DO NOT accept taxi rides from cabs that arent yellow

DO NOT NOT tip (remember in the US you have your meal Tax (10% in NY) added on top of the price on the menu + another 20% for tip – great knowledge when you’re short cuz someones not added  their bill up right!)

DO NOT forget your ID when going into bars or order alcohol (remember its 21 over there)

DO NOT make eye contact with crazies or homeless folks (theres alot of them)

REMEMBER

Explore

Try new things!

Walk about

TAKE GREAT PICTURES! 🙂

New SMIZZ website (update)

It has been a looooooooong  time i last undated my website. or indeed blog properly.  so here is to a new productive smizz mass y’all! Check out my new site. I’ve gone old-skool but I think you might like it! 🙂

WWW.SARAHSMIZZ.COM

(you just click sarah smizz, or new page to get to the main website instead of clicking elsewhere which will take you to different things including this blog! 🙂 )

nearly a year after graduating, reflection: everyday i’m shuffling

Technically speaking i didn’t graduate until November when I officially got my certificate and that. But by transcript and exam board standards and the expiration of my  university log-in username – it has been since June 2010.   It’s nearly been a whole year!

Last night I was online stalking some of my favourite artists/people and seeing what they’re up to when I came across a blog post i wrote for debbie ainscoe’s blog http://downbythewaterfront.typepad.com/ . Debbie’s an amazing person and artist. And on read what I wrote even I was impressed with my 4 years of work at University! Ha! but suddenly i felt panicked at what have I been up to since?!  Have I fell off the bandwagon?

So it’s been nearly a year graduated.  And what have I learnt?

I have learnt that the new government coalition can kiss my ass. IT SUCKS. What little life there is left in the arts is going to become purely problematic and idelogical. Posts in today’s Guardian about cutting arts education shows just at how little knowledge people in politics have about the industry arts generates here in the UK.  the cuts within the arts council were depressing (although could have been worse) and the film council closure was just dreadful (esp after the success of The Kings Speech, which was funded by the film council) The short sighted, short term, planning of this government is killing what little economy and wellbeing our nation has.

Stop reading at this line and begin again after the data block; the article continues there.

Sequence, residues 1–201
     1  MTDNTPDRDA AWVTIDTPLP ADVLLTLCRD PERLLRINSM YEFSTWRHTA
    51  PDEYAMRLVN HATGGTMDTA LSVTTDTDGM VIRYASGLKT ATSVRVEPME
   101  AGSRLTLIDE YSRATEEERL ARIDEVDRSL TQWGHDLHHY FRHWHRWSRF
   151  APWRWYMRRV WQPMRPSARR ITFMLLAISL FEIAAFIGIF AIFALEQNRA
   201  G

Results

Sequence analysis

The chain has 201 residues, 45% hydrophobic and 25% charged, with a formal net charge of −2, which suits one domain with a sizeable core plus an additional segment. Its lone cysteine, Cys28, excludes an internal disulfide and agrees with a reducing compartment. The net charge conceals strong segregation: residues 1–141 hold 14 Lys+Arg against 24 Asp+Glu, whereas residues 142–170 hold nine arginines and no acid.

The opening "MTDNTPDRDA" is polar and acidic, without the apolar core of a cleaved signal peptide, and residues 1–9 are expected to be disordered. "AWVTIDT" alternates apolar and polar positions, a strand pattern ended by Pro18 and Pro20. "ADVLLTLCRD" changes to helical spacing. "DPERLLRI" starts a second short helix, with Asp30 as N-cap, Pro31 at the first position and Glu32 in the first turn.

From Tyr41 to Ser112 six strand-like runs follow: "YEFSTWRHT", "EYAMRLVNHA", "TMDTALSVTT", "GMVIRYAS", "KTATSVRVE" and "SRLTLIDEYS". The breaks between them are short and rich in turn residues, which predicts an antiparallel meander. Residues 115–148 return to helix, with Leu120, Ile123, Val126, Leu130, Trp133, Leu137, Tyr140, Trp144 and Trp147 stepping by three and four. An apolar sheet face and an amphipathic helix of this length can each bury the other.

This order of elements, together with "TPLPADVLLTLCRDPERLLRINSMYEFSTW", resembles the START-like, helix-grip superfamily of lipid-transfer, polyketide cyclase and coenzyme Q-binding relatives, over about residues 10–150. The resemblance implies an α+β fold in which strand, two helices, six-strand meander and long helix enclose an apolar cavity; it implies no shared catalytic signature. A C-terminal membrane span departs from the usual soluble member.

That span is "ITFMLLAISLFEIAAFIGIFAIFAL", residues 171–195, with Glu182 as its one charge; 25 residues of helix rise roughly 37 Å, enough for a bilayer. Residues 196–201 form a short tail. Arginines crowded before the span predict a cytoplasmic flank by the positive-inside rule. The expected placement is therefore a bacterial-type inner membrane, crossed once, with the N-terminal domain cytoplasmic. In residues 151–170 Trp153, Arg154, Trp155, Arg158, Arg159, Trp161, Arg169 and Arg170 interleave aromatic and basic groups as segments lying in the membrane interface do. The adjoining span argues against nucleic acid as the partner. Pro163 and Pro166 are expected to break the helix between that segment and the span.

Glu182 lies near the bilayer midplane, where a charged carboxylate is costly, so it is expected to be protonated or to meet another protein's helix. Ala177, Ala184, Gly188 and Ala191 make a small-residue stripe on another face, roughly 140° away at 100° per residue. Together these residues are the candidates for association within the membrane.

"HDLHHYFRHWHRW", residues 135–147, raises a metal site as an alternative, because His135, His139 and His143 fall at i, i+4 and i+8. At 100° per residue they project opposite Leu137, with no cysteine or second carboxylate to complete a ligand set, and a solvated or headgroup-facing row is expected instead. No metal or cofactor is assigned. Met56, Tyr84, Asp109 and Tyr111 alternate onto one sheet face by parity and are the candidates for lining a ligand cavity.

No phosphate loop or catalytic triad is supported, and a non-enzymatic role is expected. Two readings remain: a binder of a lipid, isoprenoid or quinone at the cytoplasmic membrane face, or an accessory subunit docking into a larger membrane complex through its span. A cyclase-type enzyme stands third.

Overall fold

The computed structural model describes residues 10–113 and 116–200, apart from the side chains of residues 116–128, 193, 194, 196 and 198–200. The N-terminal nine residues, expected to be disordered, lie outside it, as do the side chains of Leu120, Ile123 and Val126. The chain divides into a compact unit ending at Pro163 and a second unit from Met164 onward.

Since graduating, I have been officially unemployed 3 times (although admittingly for about 2-3 weeks at a time).  My mom makes me  apply for JSA and I have to at least a part-time job whilst I do my commissions or other freelance gigs. It’s difficult being from a working class family because they don’t understand what freelance is.  All she  sees is me doing what I love. I’m terrible at saving and I think this is why she doesn’t believe I actually get paid to do what I do.

In June 2010 I went  back to America and did a teaching/ artist residency job. It was great but tiring. I had a great time!

Because I love teaching, i always apply myself 110%> I love to re-invent the wheel and to make people feel good about themselves. this is done by self-esteem building. i love encouraging people to believe that they can do something. I guess with my good natured team building skills and good evaluations I won a $3,000 award, which was a bit of a bribe to come back next year (I got half then – i get half if i go back the next year).  At this point i thought, hey maybe i’ll have something good in my life by then.  the coalitions power hadn’t kicked in just yet so it was only natural that i still felt hopeful on where i could go and what i could do!

After the job, i did a residency at Syracuse University in NY State. It’s this amazing program called the Art School in the Art School. It has so much relevance from its placement of being supplementary to the artschool or as part of an antagonistic  debate on the merit of art degree rewarding courses.  The people of Syracuse were very giving and generous with their time. I went away wanting to create a art-school in the art-school journal. Of which I’m about half way through putting it together and getting better and more submissions. More info on this in another post.  You can hear an awful interview with me here: (i need press training clearly) http://www.artschoolsound.org/2010/09/interview-with-sarah-smizz/

 

After the residency I travelled around the West Coast with some friends where i started to really think about LA and it’s myths and social history that’s kind of hyper-real.

 

I got back to NYC and I got some Freelance work with Time Warner for some illustrations for a bilingual kids book on cities! couldn’t believe my luck!

Institutions illustrations, by Sarah Smizz

I arrived back home signed on for the 1st time for 2weeks until late October and already had the awesome opportunity lined up to work with the amazing Sheffield Doc/Fest!